did Japanese conquest of central China during WW2 make sense?

what if they were to have limited themselves to seizing Shanghai and a few other port cities and gotten the Nationalist government to promise neutrality and keep armaments acquisition from the Allies to a minimum?

Did they actually derive a lot of economic benefit from ruling (and fighting over) the Chinese heartland outside of the resource rich and industrialized Manchuria? Or was this a massive strategic mistake and waste of resources?

From the point of view of History, in that the European Powers had spent centuries carving up the world into colonies and “protected” (ie, controlled) states, it did make some sense for a country that viewed itself (and still does) as an “Empire” to play the same World Domination game and attempt to establish it’s own colonies in order to be seen as one of the world’s great powers.

Given China’s wealth, proximity, history and then current weakness, it did make some of sense for Japan to try to carve out as much control as they could at the time.

I don’t think it made much economic sense to go beyond the eastern seaboard. hell, even 2 decades ago that didn’t make much sense. The armies got bogged down and over extended for not much return.

Japan sort of bungled their way into China. Their conquest of Manchuria had upset China, who refused to recognize it. So, after the Marco Polo Bridge Incident, Japan invaded to get China to recognize Manchuko, and also to punish them for what happened at Marco Polo Bridge. Then as the war went on, they decided to expand their goals to create a buffer state between China and Manchuko (the Provisional Government of the Republic of China), and then it just turned into “get rid of the Kuomintang and replace it with a friendly government” (Wang Jingwei’s government).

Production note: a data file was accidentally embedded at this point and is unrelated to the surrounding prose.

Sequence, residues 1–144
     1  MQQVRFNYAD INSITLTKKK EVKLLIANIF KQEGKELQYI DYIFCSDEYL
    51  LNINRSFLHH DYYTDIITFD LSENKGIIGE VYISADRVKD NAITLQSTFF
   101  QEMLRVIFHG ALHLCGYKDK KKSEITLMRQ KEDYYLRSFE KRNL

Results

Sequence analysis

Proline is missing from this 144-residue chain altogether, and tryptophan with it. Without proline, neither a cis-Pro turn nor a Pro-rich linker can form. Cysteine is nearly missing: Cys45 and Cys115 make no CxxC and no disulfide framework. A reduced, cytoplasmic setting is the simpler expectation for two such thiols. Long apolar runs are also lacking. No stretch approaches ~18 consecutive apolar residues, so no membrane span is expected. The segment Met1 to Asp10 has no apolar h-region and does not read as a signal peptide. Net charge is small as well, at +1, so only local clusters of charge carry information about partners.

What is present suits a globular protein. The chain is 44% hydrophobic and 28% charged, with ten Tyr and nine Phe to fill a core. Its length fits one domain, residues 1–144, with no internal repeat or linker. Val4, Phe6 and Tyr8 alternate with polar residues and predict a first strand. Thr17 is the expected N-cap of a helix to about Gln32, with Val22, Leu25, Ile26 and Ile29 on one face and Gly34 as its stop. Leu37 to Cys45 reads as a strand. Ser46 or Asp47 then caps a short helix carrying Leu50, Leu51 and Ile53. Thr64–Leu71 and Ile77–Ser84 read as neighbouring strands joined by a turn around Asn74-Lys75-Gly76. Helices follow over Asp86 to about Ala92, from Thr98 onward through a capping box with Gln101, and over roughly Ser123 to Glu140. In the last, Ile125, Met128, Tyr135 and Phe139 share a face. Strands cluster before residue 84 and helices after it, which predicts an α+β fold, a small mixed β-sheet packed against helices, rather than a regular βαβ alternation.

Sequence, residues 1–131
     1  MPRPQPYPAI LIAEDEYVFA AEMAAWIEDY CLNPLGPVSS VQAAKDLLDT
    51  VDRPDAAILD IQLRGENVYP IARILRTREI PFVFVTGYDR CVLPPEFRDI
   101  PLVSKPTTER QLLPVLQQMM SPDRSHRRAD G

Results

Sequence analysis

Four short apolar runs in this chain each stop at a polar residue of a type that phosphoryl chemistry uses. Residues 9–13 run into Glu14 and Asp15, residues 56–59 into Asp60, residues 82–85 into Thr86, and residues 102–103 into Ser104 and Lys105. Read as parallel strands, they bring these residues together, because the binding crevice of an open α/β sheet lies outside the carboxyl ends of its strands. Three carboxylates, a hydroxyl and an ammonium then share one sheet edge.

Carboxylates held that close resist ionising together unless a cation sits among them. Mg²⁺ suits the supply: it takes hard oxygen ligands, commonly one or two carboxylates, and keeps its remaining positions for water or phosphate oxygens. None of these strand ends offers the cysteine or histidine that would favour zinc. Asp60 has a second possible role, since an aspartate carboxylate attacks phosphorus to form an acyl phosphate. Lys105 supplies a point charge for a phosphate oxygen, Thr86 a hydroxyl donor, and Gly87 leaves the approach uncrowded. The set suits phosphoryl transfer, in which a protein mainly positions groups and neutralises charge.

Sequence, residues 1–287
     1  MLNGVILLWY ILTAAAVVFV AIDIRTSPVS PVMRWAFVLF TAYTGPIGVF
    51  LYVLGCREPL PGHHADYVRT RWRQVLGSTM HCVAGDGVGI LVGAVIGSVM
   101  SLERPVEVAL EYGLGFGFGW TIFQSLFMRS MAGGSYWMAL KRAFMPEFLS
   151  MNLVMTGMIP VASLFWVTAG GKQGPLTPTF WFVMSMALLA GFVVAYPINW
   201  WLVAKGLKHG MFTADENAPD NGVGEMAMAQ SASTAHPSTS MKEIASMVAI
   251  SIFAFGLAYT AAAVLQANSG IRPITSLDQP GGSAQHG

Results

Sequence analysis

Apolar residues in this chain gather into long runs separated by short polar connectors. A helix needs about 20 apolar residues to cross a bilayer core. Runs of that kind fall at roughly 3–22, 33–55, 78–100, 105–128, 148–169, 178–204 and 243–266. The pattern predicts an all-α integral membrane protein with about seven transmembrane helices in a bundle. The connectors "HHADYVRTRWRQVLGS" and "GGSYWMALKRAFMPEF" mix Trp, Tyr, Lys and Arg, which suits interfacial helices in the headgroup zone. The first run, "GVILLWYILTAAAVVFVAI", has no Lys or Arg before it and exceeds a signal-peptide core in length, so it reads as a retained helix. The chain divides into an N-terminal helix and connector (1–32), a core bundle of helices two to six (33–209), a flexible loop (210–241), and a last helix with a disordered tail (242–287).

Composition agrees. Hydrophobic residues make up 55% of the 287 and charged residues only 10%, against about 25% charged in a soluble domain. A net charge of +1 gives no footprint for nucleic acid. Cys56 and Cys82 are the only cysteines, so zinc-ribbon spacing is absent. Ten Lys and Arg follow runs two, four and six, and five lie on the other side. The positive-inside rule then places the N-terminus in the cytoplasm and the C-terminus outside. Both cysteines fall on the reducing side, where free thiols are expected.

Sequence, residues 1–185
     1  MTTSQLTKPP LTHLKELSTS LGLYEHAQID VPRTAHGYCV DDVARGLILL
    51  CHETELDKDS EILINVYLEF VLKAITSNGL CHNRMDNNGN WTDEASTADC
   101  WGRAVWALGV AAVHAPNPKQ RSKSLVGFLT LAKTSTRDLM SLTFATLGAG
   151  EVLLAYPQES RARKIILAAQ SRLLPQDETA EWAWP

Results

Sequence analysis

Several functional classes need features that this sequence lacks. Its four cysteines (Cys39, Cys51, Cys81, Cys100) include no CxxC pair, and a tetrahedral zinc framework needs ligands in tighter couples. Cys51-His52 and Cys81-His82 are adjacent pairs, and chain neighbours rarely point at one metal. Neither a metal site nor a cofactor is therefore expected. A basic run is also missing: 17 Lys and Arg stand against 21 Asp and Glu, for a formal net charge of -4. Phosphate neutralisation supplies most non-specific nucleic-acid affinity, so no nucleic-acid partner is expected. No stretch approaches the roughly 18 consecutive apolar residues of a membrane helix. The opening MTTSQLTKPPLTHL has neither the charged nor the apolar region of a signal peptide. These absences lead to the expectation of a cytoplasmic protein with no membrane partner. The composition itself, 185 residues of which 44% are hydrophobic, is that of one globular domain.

They never made it into central China. Chungking (Chongqing) is Central China and it was the wartime capital.

The Japanese nomially controlled about 1/4 to 1/3 of the east coast of China, and even then they only really were firmly in control of the main cities.

The Japanese stragedy seemed to rely on the Allies exhausting themselves. The main idea was to grab as much as possible while the Allies were busy in Europe and then negotiate a peace with the West and trade some of what they grabbed for peace.

The Japanese really only came into conflict with the USA because of oil. The Dutch East Indies (DEI), now Indonesia were rich in oil and Japan had to have it. If you look at a map and trace the route from Japan to the DEI you see Manilla and the Phillipines are sitting right like a dagger. If you look a bit closer you see Singapore, the “Gibralter of Asia” is also sitting right next to the DEI.

Japan simply could hope it’s lifeline to the oil would stay open when it would be so easy for the US from it’s bases in the Phillipines or to a lesser extent the UK in Singaore to cut them off.

No oil = no war.

China as others said, was rich in resources and slave labor. The Japanese expected an easier time as the Communists and Nationalists were too busy fighting each other. The Japanese were able to extend effected control over the coastal cities but never were firmly in control over the country areas. It was a matter of constant warfare to keep what they had taken.

Throughout the war but especially later on, the Japanese conducted “rice offensives,” short-term drives into the food-producing areas to seize the harvests rather than to permanently hold land. I don’t know how far inland these went, but the point of them was to provide the food Japan needed to import to survive and fight by the most direct method possible – stealing it.